Durham Tees Valley Airport (MME) is also accessible, and located near Darlington in County Durham, around 33 miles south of Newcastle. 

Both airports are serviced by airlines offering cheap flights to Newcastle.

Newcastle insider information

  • Newcastle Castle, after which the city is named, is both a Grade I listed building and a Scheduled Ancient Monument, located in Central Newcastle. The site originally held a Roman fort, then a wooden Norman motte-and-bailey castle, and finally today’s castle, a stone keep built for Henry the II in the 12th century. The keep is accompanied by the Black Gate, added in the 13th century as an outer fortification. 
  • The Great North Museum comprises the museum itself, Hancock and the Hatton Gallery (both based on the University of Newcastle’s campus). The museum’s collection includes fossils, preserved animal specimens, mummies, and a scale model of a Tyrannosaurus Rex. The gallery has a collection of more than 3,000 works of art, including some dating back to the 14th century. 
  • Central Arcade, a stunning, mosaic-floored, glass-roofed, preserved Edwardian shopping arcade, provides a glimpse of the Newcastle of yesteryear. The arcade is home to many shops, including the J.G. Windows music shop – one of Newcastle’s oldest, established in 1908 – and the Tourist Information Bureau. 
  • The Cathedral Church of St. Nicholas, also known as Newcastle Cathedral, was built in 1359 on the site of a prior parish church destroyed in a fire. It’s notable for its lantern spire, constructed in 1448, which was used for centuries as a navigation point by ships travelling along the River Tyne. The cathedral is an iconic part of Newcastle’s skyline, being one of the tallest structures in the city. 
  • Seven Stories is a wonderful family attraction; it’s the first museum in the U.K. solely dedicated to children’s literature. Its name refers to the idea of the seven basic plots used in all stories and the fact the museum is housed in a seven-storey renovated Victorian mill. The work of artists and authors such as Philip Pullman, Quentin Blake, Terry Jones, Enid Blyton and Jacqueline Wilson is represented in Seven Stories.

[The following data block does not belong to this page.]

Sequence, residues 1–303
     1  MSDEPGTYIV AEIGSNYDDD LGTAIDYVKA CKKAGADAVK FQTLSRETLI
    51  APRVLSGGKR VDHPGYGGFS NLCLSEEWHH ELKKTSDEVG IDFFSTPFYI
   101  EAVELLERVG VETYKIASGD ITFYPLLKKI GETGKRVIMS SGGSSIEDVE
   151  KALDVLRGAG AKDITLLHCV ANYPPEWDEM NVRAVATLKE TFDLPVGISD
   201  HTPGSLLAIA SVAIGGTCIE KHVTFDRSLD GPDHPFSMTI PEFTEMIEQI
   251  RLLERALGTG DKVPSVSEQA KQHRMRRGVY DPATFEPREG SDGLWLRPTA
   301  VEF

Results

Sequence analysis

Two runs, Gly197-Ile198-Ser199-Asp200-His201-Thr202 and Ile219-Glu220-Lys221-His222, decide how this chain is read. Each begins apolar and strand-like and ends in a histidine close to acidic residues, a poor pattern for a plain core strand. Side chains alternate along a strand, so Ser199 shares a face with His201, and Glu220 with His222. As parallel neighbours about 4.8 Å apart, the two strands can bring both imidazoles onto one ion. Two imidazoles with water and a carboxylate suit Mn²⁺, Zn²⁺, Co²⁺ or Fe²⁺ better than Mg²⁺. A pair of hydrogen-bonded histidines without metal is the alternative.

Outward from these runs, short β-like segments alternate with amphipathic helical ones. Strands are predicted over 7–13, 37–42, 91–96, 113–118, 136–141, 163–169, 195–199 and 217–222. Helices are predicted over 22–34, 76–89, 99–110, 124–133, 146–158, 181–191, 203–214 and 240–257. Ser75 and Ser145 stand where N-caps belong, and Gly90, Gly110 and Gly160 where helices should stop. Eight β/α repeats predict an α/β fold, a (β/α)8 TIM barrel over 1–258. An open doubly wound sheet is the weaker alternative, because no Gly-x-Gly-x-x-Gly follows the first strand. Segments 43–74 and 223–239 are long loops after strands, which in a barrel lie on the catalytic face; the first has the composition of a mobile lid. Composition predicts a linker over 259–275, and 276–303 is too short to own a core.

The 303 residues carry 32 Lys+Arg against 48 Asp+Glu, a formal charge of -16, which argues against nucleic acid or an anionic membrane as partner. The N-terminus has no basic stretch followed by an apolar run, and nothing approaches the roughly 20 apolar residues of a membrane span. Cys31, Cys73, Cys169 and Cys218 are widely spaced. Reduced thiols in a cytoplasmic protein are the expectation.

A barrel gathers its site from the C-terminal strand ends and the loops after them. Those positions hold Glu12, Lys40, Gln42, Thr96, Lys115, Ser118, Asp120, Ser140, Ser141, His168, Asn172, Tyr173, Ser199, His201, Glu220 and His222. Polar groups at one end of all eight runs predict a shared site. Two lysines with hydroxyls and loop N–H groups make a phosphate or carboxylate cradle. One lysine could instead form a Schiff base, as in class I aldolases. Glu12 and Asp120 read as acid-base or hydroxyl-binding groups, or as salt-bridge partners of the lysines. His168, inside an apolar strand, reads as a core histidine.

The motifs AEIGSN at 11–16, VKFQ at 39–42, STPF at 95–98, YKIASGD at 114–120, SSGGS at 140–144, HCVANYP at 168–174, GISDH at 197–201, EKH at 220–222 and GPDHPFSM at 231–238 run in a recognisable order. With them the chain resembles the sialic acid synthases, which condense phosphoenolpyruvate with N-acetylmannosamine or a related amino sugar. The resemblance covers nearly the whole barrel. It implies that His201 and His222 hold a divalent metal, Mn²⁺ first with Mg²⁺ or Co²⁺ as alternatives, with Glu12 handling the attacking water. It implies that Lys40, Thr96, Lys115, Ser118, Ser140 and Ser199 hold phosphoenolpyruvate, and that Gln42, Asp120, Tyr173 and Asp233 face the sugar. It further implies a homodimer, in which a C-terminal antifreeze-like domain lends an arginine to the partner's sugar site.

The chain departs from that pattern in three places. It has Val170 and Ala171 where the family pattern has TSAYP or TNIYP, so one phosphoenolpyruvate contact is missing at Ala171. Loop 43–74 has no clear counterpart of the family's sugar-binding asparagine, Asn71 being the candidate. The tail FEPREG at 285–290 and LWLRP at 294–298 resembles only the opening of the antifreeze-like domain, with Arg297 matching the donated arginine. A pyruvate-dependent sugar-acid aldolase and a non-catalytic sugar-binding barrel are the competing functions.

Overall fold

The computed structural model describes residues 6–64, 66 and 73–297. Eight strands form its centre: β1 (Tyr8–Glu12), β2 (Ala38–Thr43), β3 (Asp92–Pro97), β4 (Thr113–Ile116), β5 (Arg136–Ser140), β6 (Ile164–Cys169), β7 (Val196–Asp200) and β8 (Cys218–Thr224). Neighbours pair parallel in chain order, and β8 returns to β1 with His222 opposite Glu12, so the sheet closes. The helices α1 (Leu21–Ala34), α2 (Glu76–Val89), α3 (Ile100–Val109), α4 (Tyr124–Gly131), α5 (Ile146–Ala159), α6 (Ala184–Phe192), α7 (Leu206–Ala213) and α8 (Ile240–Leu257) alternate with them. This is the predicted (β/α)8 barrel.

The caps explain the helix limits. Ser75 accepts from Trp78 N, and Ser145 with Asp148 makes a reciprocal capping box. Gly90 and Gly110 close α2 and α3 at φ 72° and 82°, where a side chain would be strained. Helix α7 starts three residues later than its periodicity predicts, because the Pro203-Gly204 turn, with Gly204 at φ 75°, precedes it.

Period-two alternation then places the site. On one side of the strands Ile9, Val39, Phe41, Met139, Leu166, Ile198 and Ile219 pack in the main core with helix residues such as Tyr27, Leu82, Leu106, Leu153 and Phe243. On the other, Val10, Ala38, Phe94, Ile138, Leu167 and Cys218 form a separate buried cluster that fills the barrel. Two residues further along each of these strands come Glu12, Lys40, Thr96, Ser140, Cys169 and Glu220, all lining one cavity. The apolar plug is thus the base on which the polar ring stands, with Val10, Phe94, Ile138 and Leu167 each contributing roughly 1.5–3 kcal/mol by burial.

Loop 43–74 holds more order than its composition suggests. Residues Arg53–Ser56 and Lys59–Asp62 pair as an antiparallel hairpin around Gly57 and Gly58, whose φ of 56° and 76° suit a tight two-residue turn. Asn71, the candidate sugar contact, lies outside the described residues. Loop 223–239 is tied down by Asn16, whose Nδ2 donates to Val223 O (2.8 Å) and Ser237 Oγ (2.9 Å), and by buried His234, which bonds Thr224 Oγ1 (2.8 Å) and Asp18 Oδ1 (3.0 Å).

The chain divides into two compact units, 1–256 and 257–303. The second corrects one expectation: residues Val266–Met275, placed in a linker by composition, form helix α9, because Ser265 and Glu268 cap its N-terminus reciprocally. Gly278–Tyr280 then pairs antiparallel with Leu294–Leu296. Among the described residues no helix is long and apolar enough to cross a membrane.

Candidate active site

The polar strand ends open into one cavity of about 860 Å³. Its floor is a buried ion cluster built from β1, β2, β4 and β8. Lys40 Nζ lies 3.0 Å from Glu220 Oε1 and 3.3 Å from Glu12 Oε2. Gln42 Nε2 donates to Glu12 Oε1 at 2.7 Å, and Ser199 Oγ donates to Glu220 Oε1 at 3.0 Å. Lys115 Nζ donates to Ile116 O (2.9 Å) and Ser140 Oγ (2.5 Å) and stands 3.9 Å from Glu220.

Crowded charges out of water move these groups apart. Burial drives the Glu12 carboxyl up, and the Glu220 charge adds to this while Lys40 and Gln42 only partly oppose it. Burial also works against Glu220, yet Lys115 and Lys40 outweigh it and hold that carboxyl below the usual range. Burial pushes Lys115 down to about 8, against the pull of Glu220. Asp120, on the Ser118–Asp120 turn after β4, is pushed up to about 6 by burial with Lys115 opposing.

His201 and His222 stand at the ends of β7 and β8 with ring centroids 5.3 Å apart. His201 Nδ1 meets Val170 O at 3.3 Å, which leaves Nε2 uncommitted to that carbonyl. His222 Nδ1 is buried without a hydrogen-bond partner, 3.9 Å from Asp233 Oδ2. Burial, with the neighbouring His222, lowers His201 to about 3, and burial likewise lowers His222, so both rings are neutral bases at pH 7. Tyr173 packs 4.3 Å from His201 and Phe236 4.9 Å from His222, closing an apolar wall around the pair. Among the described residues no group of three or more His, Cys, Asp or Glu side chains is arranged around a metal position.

Find the best prices for you!

Prices found by our users for local departures to Newcastle

Airports for Newcastle

Cheapest flights to United Kingdom

How much do things cost in Newcastle?

Cheap meal
£ 10.01
3 course meal for 2
£ 50.06
One-way ticket (local transport)
£ 2.28
1 hour taxi waiting fee
£ 12.01
1 mile taxi journey
£ 1.77
Petrol (1 litre)
£ 1.08
Large bottle of water
£ 0.81
How much does a beer cost in Newcastle?
Bottle of local beer (0.5 litre)
£ 1
Local draught beer (0.5 litre)
£ 3
Bottle of beer (imported beer)
£ 1
Imported beer (0.33 litre)
£ 3

Popular flight searches

More information about Newcastle

  • If you’re a fan of stunning architecture, why not take time to visit Newcastle’s three magnificent cathedrals?
  • Experience the city’s iconic Brown Ale and more at CAMRA’s Newcastle Beer Festival that takes place every April
  • Why not have a look now for last minute flights to Newcastle and enjoy all that Teesside has to offer?
  • Search for those unique independent music venues and experience Newcastle’s famous underground music scene
  • Then enjoy the nightlife of the Bigg Market and Quayside districts, voted Great Britain's no. 1 tourist attraction
  • Spend at least one of your evenings watching a play at Newcastle upon Tyne's renowned Theatre Royal, on Grey Street
  • Book now to get fantastic deals on one way flights to Newcastle, the heart of soul of the North-East of England
  • Sample Geordie culture and its atmosphere in the regular weekend festivals that take place across the city
  • Get direct flights to Newcastle International Airport and be in the middle of the city in less than 20 minutes
  • Go walking around the old port and see the dockyards that were once amongst the world's largest shipbuilding centres

International departures to Newcastle